A hypothesis that explains the entitlement of the basilica to Magnus of Milan is linked to some events that took place a few decades after the Fall of the Western Roman Empire.[31] In 523 the Byzantine emperor Justin I promulgated an edict against the Arians: in response, the king of the Ostrogoths Theoderic the Great, who was of the Aryan faith, began to persecute Catholics, killing and imprisoning important religious figures as well. On the death of Theodoric, on the throne of the Ostrogoths, sat the most tolerant Athalaric: thanks to the new king, and to the intercession of Magno of Milan, the Milanese archbishop who was later proclaimed a saint, many prisoners were released.

Magnus of Milan, to which the church of Leghorn is named, portrayed in the part of the frescoes by Bernardino Lanino which is on the right column of the main chapel

Since these persecutions also affected Legnano, its inhabitants decided to name Magnus of Milan first the central apse of the ancient church of San Salvatore, then the parish, which was created on 24 December 1482 with the name of "parish of San Magno and San Salvatore",[30] and finally the new church: Magnus of Milan later became also the patron saint of the municipality of Legnano.

As far as the name is concerned, the legnanese basilica was originally known as "church of San Magno".[30] On 7 August 1584, on the occasion of the transfer of the provost tax from Parabiago to Legnano, change of location decreed by cardinal Carlo Borromeo, archbishop of Milan, the religious building changed its name to "provost church of San Magno" and the parish priest of Magnus of Milan acquired the title of provost.[30]

The transfer of the provost tax from Parabiago to Legnano (which also led to the creation of the parish church of the same name) was dictated by various reasons: from the greater number of inhabitants of the village of Legnano, to the fact that the church of San Magno was larger than the parabiaghese church of Santi Gervasio and Protasio, by the presence of the hospice of Sant'Erasmo and by the availability, in Legnano, of greater resources, also economic, as well as by the presence in the village of Milan of various ecclesiastical structures, including some convents.[30]

Faced with the displacement of the provost, the Parabiaghsis appealed to the pope, but without success, given the endorsement of the archiepiscopal decree by the Roman Curia, which occurred in 1586.[32] Officially acquired relevance also from the most important ecclesiastical hierarchies, from this century onwards, the legnanese church began to be called, to emphasize the relief, "collegiate church of San Magno".[30]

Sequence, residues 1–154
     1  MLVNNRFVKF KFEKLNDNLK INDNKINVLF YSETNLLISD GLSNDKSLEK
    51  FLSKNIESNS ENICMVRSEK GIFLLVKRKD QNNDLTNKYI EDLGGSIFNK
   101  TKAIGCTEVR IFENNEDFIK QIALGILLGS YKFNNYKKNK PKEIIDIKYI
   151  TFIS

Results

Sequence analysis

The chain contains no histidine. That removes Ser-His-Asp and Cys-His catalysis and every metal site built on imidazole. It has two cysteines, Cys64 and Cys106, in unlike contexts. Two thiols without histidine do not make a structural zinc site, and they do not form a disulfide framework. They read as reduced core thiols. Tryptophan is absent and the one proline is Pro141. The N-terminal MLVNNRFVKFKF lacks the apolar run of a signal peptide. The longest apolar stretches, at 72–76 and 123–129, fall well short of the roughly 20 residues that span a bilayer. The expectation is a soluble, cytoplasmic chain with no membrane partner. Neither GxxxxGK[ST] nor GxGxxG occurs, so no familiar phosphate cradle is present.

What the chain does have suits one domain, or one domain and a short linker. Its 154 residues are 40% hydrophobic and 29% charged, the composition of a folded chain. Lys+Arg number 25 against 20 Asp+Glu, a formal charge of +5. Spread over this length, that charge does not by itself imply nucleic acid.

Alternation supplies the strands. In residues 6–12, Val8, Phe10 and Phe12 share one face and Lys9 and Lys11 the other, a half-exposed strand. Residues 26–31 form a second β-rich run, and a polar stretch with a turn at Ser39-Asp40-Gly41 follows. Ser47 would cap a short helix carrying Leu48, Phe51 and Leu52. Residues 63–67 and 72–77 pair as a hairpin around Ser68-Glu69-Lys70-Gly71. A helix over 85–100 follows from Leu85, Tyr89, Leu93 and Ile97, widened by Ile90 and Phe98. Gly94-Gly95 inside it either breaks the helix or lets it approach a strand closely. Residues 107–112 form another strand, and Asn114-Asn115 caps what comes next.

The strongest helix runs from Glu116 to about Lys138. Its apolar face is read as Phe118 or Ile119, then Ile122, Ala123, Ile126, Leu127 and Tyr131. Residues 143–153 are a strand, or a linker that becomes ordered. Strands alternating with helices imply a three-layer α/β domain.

On March 19, 1950, with a papal bull, Pope Pius XII raised the provost church of San Magno to a Roman minor basilica, from which the modern name descended.[30]

The plan of the basilica edit

  1. entrance hall;
  2. chapel of St. Agnes;
  3. chapel of the Immaculate Conception;
  4. chapel of San Carlo and San Magno;
  5. chapel of the Baptistery or of the Sacred Heart;
  6. major chapel;
  7. chapel of the Blessed Sacrament;
  8. sacristy passage;
  9. chapel of the Holy Crucifix;
  10. chapel of San Pietro Martire;
  11. sacristy;
  12. remains of the bell tower of the ancient church of San Salvatore;
  13. Bell tower
The plan of the basilica of San Magno

Architecture edit

The church edit

The façade and the bell tower of the Basilica of San Magno

The plan of the basilica is typically Renaissance. It no longer follows the typical elongated rectangular shape towards the altar of medieval churches, but has a central octagonal plan that allows a perspective view in all directions.[33] The visitor, in every position, can indeed find perspective angles, foreshortenings and architectural spaces that satisfy the view. In the Middle Ages, however, the perspective was all centered on the high altar.[33]

The Bramantesque churches do not have a main façade around which secondary volumes rotate, but they have a series of symmetries and perspective spaces that have about the same importance and form the whole of the entire structure.[33] The octagonal plan of the basilica of San Magno has a short transept that provides the church with a cross shape. On the corners of the latter there are also four small chapels.